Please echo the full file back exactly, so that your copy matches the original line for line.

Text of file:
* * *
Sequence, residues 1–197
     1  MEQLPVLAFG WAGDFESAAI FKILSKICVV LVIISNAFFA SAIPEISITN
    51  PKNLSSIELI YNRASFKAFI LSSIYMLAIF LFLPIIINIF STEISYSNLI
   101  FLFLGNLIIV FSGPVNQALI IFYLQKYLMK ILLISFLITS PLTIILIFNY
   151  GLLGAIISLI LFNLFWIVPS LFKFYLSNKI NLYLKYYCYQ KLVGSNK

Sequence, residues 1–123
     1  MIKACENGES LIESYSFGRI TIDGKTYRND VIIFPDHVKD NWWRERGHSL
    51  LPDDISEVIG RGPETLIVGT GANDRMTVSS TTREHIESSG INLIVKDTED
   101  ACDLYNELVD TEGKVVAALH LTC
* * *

Sequence, residues 1–197
     1  MEQLPVLAFG WAGDFESAAI FKILSKICVV LVIISNAFFA SAIPEISITN
    51  PKNLSSIELI YNRASFKAFI LSSIYMLAIF LFLPIIINIF STEISYSNLI
   101  FLFLGNLIIV FSGPVNQALI IFYLQKYLMK ILLISFLITS PLTIILIFNY
   151  GLLGAIISLI LFNLFWIVPS LFKFYLSNKI NLYLKYYCYQ KLVGSNK

Sequence, residues 1–123
     1  MIKACENGES LIESYSFGRI TIDGKTYRND VIIFPDHVKD NWWRERGHSL
    51  LPDDISEVIG RGPETLIVGT GANDRMTVSS TTREHIESSG INLIVKDTED
   101  ACDLYNELVD TEGKVVAALH LTC